Lamar Jackson faces unfair opposition from everywhere, but he’s doing himself a disservice with an obvious action – Yahoo Sports

Lamar Jackson faces unfair opposition from everywhere, but he’s doing himself a disservice with an obvious action – Yahoo Sports

Lamar Jackson was blown away by NFL connoisseurs from Day 1, and despite his success, he still has detractors. Just as Cam Newton never wanted to appease no small number of people for a number of reasons, Jackson seems to have suffered a similar fate.

He did things his way, in an unorthodox way, and it worked beautifully for the first few years of his professional career. He doesn’t want to do things the way they’ve always been done, and the connoisseurs don’t like that.

Last week Jackson offered its first update on the status of his injured left knee that kept him on the sidelines for the final few weeks of the Ravens season, including the team’s AFC wildcard loss to Cincinnati on Sunday.

Jackson wrote that he had a grade 2 PCL sprain, “bordering on a [Grade] 3″ and that he was still struggling with swelling and instability. The PCL is one of the main stabilizers of the knee joints; a grade 2 sprain is a partial tear and grade 3 is a complete tear.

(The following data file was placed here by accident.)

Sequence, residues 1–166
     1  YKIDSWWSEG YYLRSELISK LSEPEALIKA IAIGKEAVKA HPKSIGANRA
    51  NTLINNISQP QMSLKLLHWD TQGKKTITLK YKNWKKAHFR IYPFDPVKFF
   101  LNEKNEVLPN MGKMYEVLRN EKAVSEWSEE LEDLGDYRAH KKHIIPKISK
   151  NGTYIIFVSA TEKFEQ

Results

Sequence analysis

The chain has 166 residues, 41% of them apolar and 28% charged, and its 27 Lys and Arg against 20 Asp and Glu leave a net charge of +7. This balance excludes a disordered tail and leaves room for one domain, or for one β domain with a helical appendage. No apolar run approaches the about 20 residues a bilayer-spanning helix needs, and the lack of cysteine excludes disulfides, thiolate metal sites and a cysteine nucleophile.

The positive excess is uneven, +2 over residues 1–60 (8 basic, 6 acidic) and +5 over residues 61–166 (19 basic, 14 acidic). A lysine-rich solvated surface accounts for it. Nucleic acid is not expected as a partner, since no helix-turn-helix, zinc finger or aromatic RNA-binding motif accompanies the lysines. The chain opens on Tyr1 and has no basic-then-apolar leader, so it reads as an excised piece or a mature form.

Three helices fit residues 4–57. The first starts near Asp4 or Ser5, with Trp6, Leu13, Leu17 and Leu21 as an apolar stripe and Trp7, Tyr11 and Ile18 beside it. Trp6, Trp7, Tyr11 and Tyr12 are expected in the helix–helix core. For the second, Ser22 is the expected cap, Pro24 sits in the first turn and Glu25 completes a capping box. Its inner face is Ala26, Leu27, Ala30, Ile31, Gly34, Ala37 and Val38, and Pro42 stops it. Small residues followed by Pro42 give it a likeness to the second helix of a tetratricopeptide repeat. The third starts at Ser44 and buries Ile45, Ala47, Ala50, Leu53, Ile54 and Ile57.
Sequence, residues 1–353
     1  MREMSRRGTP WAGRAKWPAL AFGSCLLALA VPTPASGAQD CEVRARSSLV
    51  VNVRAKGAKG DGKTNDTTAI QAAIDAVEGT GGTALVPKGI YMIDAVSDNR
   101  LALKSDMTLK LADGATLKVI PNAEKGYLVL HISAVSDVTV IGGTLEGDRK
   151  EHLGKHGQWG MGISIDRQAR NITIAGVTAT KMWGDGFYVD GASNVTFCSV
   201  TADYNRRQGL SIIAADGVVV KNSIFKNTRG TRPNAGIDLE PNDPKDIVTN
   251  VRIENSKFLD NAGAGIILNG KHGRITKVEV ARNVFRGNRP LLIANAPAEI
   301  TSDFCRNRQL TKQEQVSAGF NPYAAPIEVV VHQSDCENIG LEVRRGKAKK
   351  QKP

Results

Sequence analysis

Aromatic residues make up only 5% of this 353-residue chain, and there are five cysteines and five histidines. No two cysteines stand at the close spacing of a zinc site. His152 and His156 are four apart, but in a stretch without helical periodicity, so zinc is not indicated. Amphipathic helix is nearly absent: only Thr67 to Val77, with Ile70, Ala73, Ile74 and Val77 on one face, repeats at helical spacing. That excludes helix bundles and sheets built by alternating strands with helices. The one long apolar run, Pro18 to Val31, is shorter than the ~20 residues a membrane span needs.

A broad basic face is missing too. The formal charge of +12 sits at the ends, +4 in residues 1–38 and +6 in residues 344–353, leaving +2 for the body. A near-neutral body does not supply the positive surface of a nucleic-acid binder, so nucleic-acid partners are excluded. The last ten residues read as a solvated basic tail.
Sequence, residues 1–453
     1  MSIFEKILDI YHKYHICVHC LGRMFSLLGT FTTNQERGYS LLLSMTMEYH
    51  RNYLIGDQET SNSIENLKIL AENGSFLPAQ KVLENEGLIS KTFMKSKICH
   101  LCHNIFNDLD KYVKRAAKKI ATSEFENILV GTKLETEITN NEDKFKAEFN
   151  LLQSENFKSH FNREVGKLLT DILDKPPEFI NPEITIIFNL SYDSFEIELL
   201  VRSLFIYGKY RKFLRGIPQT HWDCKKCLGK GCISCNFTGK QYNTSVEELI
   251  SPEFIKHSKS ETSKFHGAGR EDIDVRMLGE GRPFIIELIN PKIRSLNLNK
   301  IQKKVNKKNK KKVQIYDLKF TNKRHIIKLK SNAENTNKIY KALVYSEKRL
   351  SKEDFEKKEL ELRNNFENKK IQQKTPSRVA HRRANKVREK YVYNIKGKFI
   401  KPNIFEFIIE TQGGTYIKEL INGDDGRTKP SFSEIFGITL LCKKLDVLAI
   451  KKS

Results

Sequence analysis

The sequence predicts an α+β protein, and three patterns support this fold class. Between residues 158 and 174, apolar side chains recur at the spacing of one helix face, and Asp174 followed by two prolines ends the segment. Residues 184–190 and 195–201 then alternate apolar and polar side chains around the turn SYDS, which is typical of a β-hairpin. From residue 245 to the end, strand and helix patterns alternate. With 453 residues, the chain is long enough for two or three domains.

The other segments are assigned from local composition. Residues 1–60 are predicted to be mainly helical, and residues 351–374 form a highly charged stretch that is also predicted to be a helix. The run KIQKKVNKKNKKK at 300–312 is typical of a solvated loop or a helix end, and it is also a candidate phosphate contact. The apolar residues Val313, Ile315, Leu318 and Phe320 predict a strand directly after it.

On the field, Lamar isn’t Lamar without two good knees.

Off the field, he is unsigned for the 2023 season and beyond, an issue that has been in the headlines all season.

Lamar Jackson's last game of the 2022 season was on December 4th.  (Nathan Ray Seebeck - USA TODAY Sports)

Lamar Jackson’s final game of the 2022 season was December 4th. (Nathan Ray Seebeck – USA TODAY Sports)

Fans are fans, so expect a Twitter search “Lamar has quit” many letters would surface from those saying Jackson should risk his health, welfare and financial future with no guaranteed money if things go wrong. But it wasn’t just fans who were critical of Jackson. On the Fox Sports pregame showSean Payton was uncomfortably disparaging towards Jackson, telling the quarterback, “The team is more important than you.”

Michael Vick parroted Payton and then said: “Put on a brace, make it work.

Outsiders will always have their opinions, and many still refuse to consider professional athletes as human beings because some of them earn extra large paychecks, but that call came from within. This is dirty work.

The story goes on